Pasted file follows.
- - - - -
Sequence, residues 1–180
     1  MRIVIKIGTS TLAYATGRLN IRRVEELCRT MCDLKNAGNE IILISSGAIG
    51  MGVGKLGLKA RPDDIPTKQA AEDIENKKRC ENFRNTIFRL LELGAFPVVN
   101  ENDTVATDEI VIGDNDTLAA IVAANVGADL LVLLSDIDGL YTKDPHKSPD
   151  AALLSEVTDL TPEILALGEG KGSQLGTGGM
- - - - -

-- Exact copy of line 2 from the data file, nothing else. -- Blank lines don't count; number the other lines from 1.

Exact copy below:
     1  MRIVIKIGTS TLAYATGRLN IRRVEELCRT MCDLKNAGNE IILISSGAIG